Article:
I've actually written about sawdust before.
I'm surprised how many people don't even know what sawdust is when I mention it. These are folk, I suppose, who've never used a saw or seen a lumber mill. I've always been around it--whether building shelves in my dad's bookstore or sawing wood for a building project, or using the stuff as filler in a garden, or when visiting an actual sawmill. I love the smell of it, especially from yellow pine lumber.
I know a little about sawdust. At least I know what it is.
In addition to using it as filler and fertilizer in a garden, sawdust has a ton of other uses. Some companies take it and mix it with resins and turn it into particle board. There are outfits that transform it into pellets and sell it as fuel for steam turbines. Some places burn it in furnaces. You can ferment it and make wood alcohol. I've even been told that it can be made into various types of adhesives.
One thing that I don't know much about is the subject of economics. About the only thing I do know is how one makes a profit. You buy low and sell high. Or higher than you bought, at any rate. If you buy something for ten cents and sell it for twenty-five cents then you did well. That's about all I know about economics.
I've long suspected that our entire economy is based on a shell game. Or that it's all some kind of super-sized Ponzi scheme. (Well, I have to admit that I am knowledgeable enough about economics that I know what Ponzi scheme is.) Sometimes the process of business in the USA just seems like a con to me. It doesn't make sense and it doesn't add up. The numbers are just too large and watching the prices of what is sold compared to the information that I have for how much that object cost seems completely impossible.
What got me really dwelling on this subject occurred some years back. In those days I was making a living hauling molding paper (old comic books) up and down the eastern seaboard and selling that stuff as collectibles. I did pretty good at that for a long time. On one of these trips I was driving my van filled up with thousands of pounds of moldy paper ("valuable comic books") and decided that I needed to pass the large truck in front of me. As I got closer to that large truck and its high and canvas covered load, I began to notice flakes and bits of sawdust flying toward me. It was coming from the load the huge truck was carrying. I figured that they were carrying lumber.
I was wrong.
As I passed them I noticed that the truck was hauling not lumber but just plain old sawdust. And not just sawdust but ragged sawdust. This stuff was more like flakes than dust--the mill must have used a ragged blade or else these were wood chippings that had been run through a grinder to be sold as just that--snowflake-like chips. The truck had a driver and another worker riding along. He must have been a paid assistant, I figured.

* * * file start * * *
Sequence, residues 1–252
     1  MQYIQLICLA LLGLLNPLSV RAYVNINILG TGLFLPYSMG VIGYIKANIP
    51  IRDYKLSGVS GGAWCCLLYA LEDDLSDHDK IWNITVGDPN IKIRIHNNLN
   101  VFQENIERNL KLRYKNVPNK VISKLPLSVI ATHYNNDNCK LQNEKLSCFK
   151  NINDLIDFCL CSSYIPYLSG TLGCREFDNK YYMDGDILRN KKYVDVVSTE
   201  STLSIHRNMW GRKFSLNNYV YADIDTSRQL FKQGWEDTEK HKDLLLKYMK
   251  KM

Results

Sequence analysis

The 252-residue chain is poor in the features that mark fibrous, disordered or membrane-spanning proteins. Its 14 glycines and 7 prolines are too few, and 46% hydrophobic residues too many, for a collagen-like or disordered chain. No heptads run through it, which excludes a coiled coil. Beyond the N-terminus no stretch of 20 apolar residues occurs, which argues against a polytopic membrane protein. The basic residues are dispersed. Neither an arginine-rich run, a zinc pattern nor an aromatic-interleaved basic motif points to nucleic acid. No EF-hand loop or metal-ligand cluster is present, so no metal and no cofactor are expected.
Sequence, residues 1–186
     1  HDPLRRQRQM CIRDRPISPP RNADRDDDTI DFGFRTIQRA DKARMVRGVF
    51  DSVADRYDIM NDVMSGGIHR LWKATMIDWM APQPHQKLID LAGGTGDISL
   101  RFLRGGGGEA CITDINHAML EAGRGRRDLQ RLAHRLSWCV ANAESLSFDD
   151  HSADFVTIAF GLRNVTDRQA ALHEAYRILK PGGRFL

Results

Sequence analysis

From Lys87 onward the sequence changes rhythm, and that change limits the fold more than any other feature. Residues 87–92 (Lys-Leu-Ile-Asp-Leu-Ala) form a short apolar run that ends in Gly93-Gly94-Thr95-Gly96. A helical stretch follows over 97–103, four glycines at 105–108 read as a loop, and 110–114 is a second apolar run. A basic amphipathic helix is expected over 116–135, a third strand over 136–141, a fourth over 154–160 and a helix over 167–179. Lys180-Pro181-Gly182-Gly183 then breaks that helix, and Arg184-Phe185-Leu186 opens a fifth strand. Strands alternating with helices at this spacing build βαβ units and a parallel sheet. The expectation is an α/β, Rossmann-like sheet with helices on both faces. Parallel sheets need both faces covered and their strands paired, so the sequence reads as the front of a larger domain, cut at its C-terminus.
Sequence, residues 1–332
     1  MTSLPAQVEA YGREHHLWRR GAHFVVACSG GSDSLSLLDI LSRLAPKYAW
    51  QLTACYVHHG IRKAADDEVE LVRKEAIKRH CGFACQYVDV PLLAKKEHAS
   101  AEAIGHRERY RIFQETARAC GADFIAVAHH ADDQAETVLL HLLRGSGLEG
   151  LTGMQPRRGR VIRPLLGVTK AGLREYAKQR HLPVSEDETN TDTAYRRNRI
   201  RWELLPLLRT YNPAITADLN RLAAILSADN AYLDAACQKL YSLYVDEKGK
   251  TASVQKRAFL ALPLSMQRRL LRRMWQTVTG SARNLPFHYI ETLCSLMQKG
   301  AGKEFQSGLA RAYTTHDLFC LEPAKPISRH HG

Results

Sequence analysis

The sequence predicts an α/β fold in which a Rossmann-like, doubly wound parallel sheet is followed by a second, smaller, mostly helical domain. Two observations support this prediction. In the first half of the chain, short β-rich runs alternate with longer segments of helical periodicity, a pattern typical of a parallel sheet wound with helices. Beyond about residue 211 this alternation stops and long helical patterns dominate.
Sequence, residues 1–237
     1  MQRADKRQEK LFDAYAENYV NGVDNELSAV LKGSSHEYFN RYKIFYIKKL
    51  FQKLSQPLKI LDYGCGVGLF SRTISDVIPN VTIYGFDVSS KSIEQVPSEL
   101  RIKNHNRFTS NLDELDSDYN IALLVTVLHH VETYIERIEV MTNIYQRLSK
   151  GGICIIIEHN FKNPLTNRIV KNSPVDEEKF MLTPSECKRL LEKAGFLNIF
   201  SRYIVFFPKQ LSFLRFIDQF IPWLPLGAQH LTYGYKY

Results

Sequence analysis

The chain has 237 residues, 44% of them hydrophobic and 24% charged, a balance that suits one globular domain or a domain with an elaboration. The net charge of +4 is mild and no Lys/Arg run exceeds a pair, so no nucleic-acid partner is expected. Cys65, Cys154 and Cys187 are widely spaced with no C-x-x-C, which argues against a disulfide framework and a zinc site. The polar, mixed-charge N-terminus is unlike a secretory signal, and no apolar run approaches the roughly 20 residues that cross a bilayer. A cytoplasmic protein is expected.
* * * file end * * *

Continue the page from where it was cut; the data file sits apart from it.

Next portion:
Okay. Huge truck hauling big load of sawdust with two employees. Big deal. I drove on.
Later, either that truck sped up or I slowed down. Neither matters, but what they did was pass me. So I rode along again behind them while being showered intermittently with flakes of sawdust that were crawling out from around the canvas and mesh holding it all in. In a while either I sped up or they slowed down and I passed them again. No biggie.
This went on for quite some time. The two of us played leapfrog every twenty or fifty miles. No harm. If not for the flying sawdust I'd hardly have noticed, and they probably never noticed me at all.
For about two hundred miles this went on. Finally, I had to veer off of the Interstate I'd been sharing with this giant load of sawdust and they kept on going. I watched them vanish as I went right and they went on north. That's when it hit me:
The whole project with the sawdust didn't make any sense to me. Yeah, it was a fairly big load of dust. But they were probably hauling almost as much air as they were wood. The sawdust was, as I said, of relatively bulky dimensions and not the smaller, easily packed stuff. And then I started to think of the cost of the diesel fuel they were burning to move that damned sawdust for hundreds of miles along a Georgia highway (we were in Georgia--I don't think I mentioned that). And the driver was being paid. And probably the guy riding along with him.
It occurred to me that it was just about impossible for there to have been a real and actual profit in the moving of a buttload of plain old sawdust across the state of Georgia. It just did NOT make any economic sense to me. How many sheets of particle board could it make? Not that many, really. How many pounds of fuel pellets could be produced by the stuff? Not enough to justify the expending of all of that diesel fuel--surely not! Suddenly it made no sense to me, at all. Someone was paying good money to transport a lot of sawdust a really silly distance for reasons that were a mystery to me.
Like the USA economy in general, it just did not freaking compute. It was like part of a huge scam. A silly rip-off being perpetrated by one shyster on a crowd of yokels.
So this bothered me for quite some time. As I drove along, hauling my load of moldy paper across the eastern seaboard, stopping now and again at comic book shows to sell it.
Someone explain it to me.